In the graph below, you can see IERE's side-by-side comparison of the two systems. The black bars represent feedlot animals and the green bars represent pastured animals. Although an animal raised on pasture actually produces more methane (represented by the bars in the category labeled "enteric") the pasture itself reduces the CO2 in the air through a process called "carbon sequestration." The net result is represented in the final bars on the right.

The verdict: fattening ruminants in a feedlot makes a significant contribution to global warming, while raising them on pasture may offset the animals' methane production and actually reduce greenhouse gasses.

This is something that I would like to look into further, to check and understand the background references. Although the feedlot cattle reach slaughtering weight earlier, I would have thought that the more nutritionally dense diet would have produced greater emissions.
IERE climate impact from beef.gif
Diagram from showing emissions and sequestration of grass fed beef (green) vs feedlot beef (black).
IERE climate impact from beef.gif (10.37 KiB) Viewed 7183 times
organic vs conventional diets.jpg
Diagram from original Spiegel article showing the difference between various diet types.
organic vs conventional diets.jpg (23.66 KiB) Viewed 7183 times
Bruce Darrell
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Postby Bruce Darrell » Mon Sep 01, 2008 9:48 am

Baringdorf, an organic farmer himself, says that a certain amount of restraint in meat production would be appropriate. "But let's be honest," he adds. "I don't believe that the world will come to an end because of cows burping and farting."

An amusing statement. The same could be said about flying to Italy, automobile traffic, buying an iPod, etc. None of them individually is a problem. It is the cumulative effect that is the problem.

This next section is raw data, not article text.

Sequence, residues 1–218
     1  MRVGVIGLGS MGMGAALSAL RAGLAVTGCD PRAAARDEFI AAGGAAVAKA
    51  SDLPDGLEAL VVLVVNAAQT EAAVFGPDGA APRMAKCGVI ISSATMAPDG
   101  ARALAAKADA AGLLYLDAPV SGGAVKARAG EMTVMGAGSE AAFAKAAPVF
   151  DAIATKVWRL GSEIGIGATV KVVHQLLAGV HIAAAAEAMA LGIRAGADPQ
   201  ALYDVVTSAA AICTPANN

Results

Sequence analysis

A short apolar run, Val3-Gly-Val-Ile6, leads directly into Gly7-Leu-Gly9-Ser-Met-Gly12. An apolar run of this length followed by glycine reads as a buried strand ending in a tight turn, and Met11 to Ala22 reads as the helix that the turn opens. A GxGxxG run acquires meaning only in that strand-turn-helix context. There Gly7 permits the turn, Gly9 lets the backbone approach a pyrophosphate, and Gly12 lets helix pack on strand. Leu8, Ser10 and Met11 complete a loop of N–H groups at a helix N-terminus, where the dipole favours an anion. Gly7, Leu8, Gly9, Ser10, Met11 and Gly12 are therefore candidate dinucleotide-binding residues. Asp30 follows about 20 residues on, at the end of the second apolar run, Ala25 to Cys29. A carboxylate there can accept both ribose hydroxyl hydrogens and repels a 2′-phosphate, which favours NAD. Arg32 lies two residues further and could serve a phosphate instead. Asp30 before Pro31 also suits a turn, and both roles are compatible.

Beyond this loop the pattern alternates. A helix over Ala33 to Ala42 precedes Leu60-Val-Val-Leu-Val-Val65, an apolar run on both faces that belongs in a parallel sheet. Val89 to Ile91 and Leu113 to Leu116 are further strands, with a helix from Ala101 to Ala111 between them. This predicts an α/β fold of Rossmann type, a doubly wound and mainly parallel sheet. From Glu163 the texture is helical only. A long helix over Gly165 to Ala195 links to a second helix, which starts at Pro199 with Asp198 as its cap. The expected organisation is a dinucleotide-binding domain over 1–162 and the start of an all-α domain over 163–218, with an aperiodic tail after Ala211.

But methane, especially from cattle, is a significant issue, particularly if we are looking at the possibility of runaway climate change within the next few decades. Methane has most of its warming impact over the first 12-15 years in the atmosphere, not over the century as is the case with CO2.

Cows are not the problem - it is the number of cows and their overall impact that is the problem, together with humans and other livestock.

Lester Brown highlights this issue at

In a rather ingenious approach to calculating the human physical presence on the planet, Paul MacCready, the founder and Chairman of AeroVironment and designer of the first solar-powered aircraft, has calculated the weight of all vertebrates on the land and in the air. He notes that when agriculture began, humans, their livestock, and pets together accounted for less than 0.1 percent of the total. Today, he estimates, this group accounts for 98 percent of the earth’s total vertebrate biomass, leaving only 2 percent for the wild portion, the latter including all the deer, wildebeests, elephants, great cats, birds, small mammals, and so forth.

Paul MacCready talked about this in a presentation he made at TED (technology environment and design) which can be viewed at

He created a graph (attached below) which showed the enormous increase in the total mass of land based vertebrates, including humans. The fact that livestock have replaced wild animals is tragic and well documented. But it is the enormous increase in the total mass that is the key problem here. Vertebrates are at the top of the food chain, and any ecosystem can only support a limited mass of vertebrates. From a climate standpoint, what is especially important is that a significant portion of the increased mass is in the form of methane generators.
Nature vs Humans.png
Graph from Paul MacCready showing the total global weight of all air and land vertebrates.
Nature vs Humans.png (131.48 KiB) Viewed 7182 times
Bruce Darrell